September 25, 2009

The Mailman

At the age of 6 I became obsessed with our mailman.

He was a tall, gray-haired man with kind eyes and—looking back—was likely on the verge of retirement. I decided I liked him immensely because he reminded me of my grandpa. I wanted desperately for him to be my friend and possibly my new grandparent, but he wanted very little to do with me.

I began by waiting for him on the front porch every day. Around 11am he trekked through our yard littered with my Big Wheel and naked Barbies in various positions of fornication. I felt slight embarrassment over the Barbies in the 69 position on the second step, and self-consciously kicked them into the bushes as he approached. He handed me our stack of mail and I beamed and gave him the most polite “Thank you” I could muster. “You’re welcome,” he said simply, and headed toward the next house. Soon this daily ritual became unsatisfying.

I noted that he started his route each morning by getting the mail out of the big blue post office mailbox on the corner, so the next time he arrived I was waiting on top with my legs sprawled on either side of the little door. “Good morning,” he said, as he bent down to unlock the front and retrieve the letters and cards inside.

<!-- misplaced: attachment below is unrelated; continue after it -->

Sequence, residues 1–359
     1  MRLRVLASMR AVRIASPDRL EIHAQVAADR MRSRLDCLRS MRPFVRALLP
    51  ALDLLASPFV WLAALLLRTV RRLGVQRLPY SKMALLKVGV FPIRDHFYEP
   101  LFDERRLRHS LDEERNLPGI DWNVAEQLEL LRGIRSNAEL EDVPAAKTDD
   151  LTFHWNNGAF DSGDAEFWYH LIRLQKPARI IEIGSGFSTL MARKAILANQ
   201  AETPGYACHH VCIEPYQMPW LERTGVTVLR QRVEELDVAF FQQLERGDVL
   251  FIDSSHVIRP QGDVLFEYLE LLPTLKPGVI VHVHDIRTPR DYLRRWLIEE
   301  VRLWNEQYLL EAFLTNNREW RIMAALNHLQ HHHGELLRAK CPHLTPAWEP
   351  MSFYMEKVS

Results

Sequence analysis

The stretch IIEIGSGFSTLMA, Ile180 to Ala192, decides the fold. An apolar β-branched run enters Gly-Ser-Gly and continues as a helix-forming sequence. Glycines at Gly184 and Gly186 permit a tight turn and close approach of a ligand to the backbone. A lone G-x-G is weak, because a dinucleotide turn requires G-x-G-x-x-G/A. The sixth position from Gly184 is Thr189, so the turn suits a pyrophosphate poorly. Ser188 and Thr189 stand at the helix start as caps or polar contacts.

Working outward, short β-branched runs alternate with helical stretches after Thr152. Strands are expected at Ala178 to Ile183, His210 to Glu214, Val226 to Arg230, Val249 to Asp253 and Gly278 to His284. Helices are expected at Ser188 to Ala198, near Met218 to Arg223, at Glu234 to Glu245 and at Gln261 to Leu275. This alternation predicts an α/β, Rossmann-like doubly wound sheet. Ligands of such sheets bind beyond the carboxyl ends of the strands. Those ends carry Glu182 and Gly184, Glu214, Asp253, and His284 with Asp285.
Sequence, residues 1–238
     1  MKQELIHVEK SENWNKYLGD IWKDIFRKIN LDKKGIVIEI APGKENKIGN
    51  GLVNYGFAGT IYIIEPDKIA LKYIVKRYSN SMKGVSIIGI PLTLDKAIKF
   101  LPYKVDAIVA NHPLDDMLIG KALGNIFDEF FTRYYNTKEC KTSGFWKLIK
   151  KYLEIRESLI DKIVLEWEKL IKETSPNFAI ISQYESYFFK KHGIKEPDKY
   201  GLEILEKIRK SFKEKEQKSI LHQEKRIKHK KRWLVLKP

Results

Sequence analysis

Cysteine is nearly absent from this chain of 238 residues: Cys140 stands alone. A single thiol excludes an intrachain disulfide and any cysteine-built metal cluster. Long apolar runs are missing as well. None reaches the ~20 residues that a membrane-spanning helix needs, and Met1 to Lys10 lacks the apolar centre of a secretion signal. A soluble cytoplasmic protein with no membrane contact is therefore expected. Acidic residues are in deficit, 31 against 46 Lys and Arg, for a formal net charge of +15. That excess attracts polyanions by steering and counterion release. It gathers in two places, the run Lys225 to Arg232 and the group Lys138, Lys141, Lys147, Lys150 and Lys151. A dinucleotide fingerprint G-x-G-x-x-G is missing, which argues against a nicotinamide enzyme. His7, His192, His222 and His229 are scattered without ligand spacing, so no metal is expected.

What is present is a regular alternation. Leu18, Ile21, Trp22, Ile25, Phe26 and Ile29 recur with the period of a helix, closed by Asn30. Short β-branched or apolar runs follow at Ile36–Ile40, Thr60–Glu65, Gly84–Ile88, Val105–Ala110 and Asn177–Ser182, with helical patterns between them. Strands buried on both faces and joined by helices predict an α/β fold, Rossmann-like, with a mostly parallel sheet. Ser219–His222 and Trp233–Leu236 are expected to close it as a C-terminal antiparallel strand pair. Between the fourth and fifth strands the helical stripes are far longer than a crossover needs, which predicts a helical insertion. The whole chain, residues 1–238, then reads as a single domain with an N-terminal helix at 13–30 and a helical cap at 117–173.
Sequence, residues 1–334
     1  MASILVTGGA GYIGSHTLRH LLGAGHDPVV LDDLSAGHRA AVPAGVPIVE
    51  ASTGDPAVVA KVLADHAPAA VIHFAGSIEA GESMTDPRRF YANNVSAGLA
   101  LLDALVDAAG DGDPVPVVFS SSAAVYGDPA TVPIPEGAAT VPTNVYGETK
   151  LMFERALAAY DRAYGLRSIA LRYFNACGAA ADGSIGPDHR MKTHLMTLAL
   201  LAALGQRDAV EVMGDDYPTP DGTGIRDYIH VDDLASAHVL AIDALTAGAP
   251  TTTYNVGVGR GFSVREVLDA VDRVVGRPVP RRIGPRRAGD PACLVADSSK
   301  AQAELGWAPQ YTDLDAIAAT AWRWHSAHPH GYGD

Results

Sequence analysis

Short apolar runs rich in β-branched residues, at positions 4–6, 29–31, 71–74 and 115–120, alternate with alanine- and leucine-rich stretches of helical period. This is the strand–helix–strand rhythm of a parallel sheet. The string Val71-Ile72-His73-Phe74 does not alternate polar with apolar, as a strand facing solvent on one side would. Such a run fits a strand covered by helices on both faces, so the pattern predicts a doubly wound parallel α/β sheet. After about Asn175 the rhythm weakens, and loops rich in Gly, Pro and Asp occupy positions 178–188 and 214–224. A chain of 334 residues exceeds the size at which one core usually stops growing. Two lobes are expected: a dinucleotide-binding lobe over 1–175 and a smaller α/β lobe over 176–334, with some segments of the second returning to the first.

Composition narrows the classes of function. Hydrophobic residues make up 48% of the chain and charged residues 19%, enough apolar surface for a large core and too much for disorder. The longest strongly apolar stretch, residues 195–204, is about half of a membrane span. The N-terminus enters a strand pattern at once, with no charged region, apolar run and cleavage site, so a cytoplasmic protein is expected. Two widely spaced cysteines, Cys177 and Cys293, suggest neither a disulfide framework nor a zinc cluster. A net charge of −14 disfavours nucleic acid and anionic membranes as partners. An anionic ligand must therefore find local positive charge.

“Good morning,” I chirped in a sing-song voice, packing all the love and affection into my greeting that I could.

Now we were finally getting somewhere. Soon I would be perched on his lap as he told me stories of his childhood. His wife would be inside baking cookies, and I would be invited to stay in the spare bedroom they had set up just in case a nice little girl came to live with them.

He placed the mail in his truck and hoisted his bag onto his shoulder. I hopped down off the mailbox and began to follow him, sure that my companionship would soften him up. I lagged about 10 feet behind, and waited politely in the yard as he went from stoop to stoop placing letters in the box. Occasionally I would run up behind him and sniff his blue shirt, curious as to whether he smelled of Juicy Fruit gum as my grandpa did. When he paused to sort through the letters in his bag I would surreptitiously pick my nose as I waited patiently and watched him. He eyed me warily and continued along his route. I wasn’t allowed to wander more than a few houses away, so at the Westfall’s place I would wave and holler after him, “Goodbye! I’ll see you tomorrow!” He never answered and never turned back.

One day I was later than usual coming outside, and—to my joy—discovered that he was eating lunch inside of his mail truck down the street. I trotted over to the window and knocked on it. He glanced up at me and then went back to the bologna sandwich and the newspaper he was reading. To entertain him I did cartwheels, jumping jacks, and Pop Warner cheers on the sidewalk next to his truck. I never saw him look up once.